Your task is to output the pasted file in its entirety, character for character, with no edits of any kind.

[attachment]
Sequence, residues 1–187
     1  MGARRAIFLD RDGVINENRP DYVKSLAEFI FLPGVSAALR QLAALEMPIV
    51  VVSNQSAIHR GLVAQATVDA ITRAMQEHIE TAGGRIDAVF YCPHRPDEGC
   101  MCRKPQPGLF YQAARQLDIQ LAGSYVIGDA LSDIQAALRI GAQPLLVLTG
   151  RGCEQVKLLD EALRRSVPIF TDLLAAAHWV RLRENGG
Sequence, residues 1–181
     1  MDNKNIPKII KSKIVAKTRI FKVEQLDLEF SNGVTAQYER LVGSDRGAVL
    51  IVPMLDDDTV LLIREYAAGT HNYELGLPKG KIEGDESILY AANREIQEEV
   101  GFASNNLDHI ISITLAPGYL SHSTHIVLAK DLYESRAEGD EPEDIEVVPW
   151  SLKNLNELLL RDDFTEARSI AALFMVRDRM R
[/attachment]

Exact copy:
Sequence, residues 1–187
     1  MGARRAIFLD RDGVINENRP DYVKSLAEFI FLPGVSAALR QLAALEMPIV
    51  VVSNQSAIHR GLVAQATVDA ITRAMQEHIE TAGGRIDAVF YCPHRPDEGC
   101  MCRKPQPGLF YQAARQLDIQ LAGSYVIGDA LSDIQAALRI GAQPLLVLTG
   151  RGCEQVKLLD EALRRSVPIF TDLLAAAHWV RLRENGG
Sequence, residues 1–181
     1  MDNKNIPKII KSKIVAKTRI FKVEQLDLEF SNGVTAQYER LVGSDRGAVL
    51  IVPMLDDDTV LLIREYAAGT HNYELGLPKG KIEGDESILY AANREIQEEV
   101  GFASNNLDHI ISITLAPGYL SHSTHIVLAK DLYESRAEGD EPEDIEVVPW
   151  SLKNLNELLL RDDFTEARSI AALFMVRDRM R